The human brain is an extraordinary information-processing system, dispensing trillions of calculations every second. The brain is brilliant at executing physical tasks that can be codified, such as playing an instrument or driving a car; however, our brains have some surprising limitations when it comes to certain types of mental tasks. Think of these in two categories.
First, there is linear problem solving, which involves logically working out a solution to a question - for example, doing math or calculating a time zone difference. Doing this kind of task uses what is called "working memory": we hold information in our memory and manipulate it or work on it. It's a conscious task that happens in the foreground of our attention, and we need to focus to do it. We need working memory when we don't have an obvious answer to a problem. It's used for things such as making decisions, remembering, and other cognitive tasks.
Our working memory is far more limited than people generally acknowledge. What do you get when you add 10 plus 10? That's easy - 20. Yet you don't really need working memory for that. The answer is stored in long-term memory. What about adding 128 with 287? You can do it, but it takes quite a bit of working memory. Adding up just six digits requires a lot of effort. What about if you try to multiply 23 and 56, without paper or a calculator? For most people, it's too much. Your working memory maxes out.
By and large, multiplying four numbers is not a lot of information to process at all. Just to remain standing up, your basal ganglia has to do a multitude of much harder calculations each second to work out just the right amount of force to apply to various muscle groups. These are considered "nonconscious" tasks in that there is no working memory or attention involved.
There are tremendous resources available to process information nonconsciously. Yet our conscious resources are tiny by comparison. Relatively speaking, if you think of your conscious processing capacity as the coins in your pocket, then your nonconscious processing capacity is the entire U.S. economy by comparison.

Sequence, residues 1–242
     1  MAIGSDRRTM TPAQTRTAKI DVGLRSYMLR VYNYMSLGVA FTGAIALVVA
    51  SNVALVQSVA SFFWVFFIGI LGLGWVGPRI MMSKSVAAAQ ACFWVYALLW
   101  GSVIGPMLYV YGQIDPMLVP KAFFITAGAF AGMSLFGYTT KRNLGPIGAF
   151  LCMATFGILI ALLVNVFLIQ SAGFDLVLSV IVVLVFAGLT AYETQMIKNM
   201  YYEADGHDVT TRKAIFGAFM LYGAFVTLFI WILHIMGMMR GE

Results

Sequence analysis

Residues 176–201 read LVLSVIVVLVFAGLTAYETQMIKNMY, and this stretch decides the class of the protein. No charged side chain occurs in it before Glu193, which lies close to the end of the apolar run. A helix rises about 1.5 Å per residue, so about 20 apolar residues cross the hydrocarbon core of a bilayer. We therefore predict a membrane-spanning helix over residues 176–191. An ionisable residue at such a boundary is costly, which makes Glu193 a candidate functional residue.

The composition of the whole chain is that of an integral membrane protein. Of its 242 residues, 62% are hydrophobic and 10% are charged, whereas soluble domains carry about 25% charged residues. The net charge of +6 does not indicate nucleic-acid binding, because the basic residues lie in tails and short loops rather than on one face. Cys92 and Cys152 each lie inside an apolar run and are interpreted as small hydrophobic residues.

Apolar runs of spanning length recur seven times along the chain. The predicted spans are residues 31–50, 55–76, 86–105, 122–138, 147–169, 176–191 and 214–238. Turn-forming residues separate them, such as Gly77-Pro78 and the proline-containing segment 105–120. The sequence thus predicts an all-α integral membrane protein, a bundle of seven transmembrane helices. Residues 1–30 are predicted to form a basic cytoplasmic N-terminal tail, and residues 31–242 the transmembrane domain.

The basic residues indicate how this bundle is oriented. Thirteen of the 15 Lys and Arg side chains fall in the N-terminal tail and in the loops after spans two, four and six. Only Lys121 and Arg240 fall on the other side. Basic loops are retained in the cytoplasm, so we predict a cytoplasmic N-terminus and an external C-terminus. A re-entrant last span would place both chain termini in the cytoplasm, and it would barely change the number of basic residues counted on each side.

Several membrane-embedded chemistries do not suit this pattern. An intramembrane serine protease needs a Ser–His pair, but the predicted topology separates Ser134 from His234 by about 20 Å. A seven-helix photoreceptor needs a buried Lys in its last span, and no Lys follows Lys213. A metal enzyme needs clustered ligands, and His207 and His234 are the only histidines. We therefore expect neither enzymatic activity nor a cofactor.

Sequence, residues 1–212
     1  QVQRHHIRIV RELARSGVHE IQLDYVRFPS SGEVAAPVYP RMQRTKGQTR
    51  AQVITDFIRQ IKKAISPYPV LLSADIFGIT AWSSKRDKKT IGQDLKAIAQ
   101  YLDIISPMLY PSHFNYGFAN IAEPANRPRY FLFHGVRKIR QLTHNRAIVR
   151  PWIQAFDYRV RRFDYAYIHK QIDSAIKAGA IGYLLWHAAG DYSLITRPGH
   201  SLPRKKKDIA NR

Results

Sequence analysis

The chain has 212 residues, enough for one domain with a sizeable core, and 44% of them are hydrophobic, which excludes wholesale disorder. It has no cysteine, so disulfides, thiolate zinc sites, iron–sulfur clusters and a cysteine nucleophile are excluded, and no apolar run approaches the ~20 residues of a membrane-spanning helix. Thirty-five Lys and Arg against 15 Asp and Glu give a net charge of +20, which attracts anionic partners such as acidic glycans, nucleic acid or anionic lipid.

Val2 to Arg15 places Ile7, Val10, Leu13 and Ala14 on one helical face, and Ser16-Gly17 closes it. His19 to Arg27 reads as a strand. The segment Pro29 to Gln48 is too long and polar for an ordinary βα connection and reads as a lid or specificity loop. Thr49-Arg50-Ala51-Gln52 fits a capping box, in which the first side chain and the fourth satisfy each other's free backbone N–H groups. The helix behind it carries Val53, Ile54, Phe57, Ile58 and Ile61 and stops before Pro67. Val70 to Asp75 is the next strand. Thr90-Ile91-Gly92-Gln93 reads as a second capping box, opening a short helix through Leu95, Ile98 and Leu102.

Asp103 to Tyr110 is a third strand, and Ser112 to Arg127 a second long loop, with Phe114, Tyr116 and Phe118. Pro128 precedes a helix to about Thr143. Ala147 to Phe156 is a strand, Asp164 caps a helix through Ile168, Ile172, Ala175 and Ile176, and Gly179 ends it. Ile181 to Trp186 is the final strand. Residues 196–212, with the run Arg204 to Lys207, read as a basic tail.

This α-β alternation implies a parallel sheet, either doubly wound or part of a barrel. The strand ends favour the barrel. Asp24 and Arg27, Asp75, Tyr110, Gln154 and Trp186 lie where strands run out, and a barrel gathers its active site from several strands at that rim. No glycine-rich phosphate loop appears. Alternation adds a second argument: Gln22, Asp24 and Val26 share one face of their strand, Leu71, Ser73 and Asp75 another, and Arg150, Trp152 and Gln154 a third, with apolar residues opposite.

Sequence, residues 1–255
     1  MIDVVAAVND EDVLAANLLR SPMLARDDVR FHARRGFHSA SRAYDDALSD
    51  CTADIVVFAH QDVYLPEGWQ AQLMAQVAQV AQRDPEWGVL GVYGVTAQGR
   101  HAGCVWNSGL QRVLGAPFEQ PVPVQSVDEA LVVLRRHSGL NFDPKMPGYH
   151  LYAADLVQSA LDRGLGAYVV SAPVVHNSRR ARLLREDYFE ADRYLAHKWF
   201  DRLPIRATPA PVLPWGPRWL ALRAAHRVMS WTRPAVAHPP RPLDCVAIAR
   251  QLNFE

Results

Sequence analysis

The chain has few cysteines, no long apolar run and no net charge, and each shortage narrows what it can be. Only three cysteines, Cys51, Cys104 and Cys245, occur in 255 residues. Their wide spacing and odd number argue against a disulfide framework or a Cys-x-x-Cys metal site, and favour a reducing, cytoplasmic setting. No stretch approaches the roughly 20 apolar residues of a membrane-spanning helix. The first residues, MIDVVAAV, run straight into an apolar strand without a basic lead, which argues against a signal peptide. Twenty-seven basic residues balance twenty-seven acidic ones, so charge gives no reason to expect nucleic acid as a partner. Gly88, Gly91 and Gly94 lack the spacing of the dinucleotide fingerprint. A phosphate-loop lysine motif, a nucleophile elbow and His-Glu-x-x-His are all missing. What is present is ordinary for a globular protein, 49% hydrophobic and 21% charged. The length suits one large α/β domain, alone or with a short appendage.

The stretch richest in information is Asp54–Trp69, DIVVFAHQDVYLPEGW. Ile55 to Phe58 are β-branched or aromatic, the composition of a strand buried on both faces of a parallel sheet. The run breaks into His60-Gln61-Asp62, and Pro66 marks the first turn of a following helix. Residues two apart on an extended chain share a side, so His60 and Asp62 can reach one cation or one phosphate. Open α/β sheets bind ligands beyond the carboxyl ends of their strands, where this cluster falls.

And right here is the problem. Most real world problems we face, especially at work, tend to be far more complex than multiplying four digits. These are "nonlinear" problems that have no pre-existing, logical, or easy answer, such as how to increase sales when the market for your product is down and everything you have tried in the past hasn't worked. Our conscious problem-solving resources are no good in this situation.
Throughout the years at various workshops, I have asked a few thousand people how they solve these complex problems. The answers are highly consistent. No one solves complex problems at will. The answers always suddenly arrive, either as you fall asleep; in the middle of the night; as you wake up; as you exercise, shower, or drive; or while you do something pleasant and repetitive such as knitting, gardening, or cooking.
New research into these "aha" moments tells us a lot about how to increase the likelihood of having these moments of brilliance. And while it seems unlikely that we can control when we have an insight, it's now very clear that we can dramatically increase the likelihood that an insight will emerge.
My own research on this area indicates that as much as a 500 percent improvement in having insights can be reached by following a few simple rules. The next sections present some of the big discoveries about insight and the brain to help you have more of them, and they can help you explain what you are doing as a trainer or facilitator when teaching creativity. They may also help you improve how you approach creativity overall.
Mark Beeman is one of the eminent neuroscientists studying the "aha" moment. As he said in an article in the first NeuroLeadership Journal, "...variables that improve the ability to detect weak associations may improve insight solving." In short, insights tend to involve connections between small numbers of neurons.
An insight is often a long-forgotten memory or combination of memories. These memories don't have a lot of neurons involved in holding them together. The trouble is we only notice signals above whatever our baseline of noise is. Whereas everyday thoughts, such as wondering what to have for lunch, might involve millions of neurons speaking to each other, an insight might involve only a few tens of thousands of neurons speaking to each other.
Just as it is hard to hear a quiet cell phone at a loud party, it is difficult to notice signals that have less energy than the general energy level already present in the brain. Hence, we tend to notice insights when our overall activity level in the brain is low. This happens when we're not putting in a lot of mental effort, when we're focusing on something repetitive, or when we are just generally more relaxed such as we are when we wake up. Insights require a quiet mind because they themselves are quiet.
A second quality of insights relates to the first, though it is slightly different. Our attention at any moment can be externally focused (for example, reading the words in this magazine), or internally focused - for example, on an image you might see in your mind's eye that is activated by a word. We tend to flip between these two states all the time.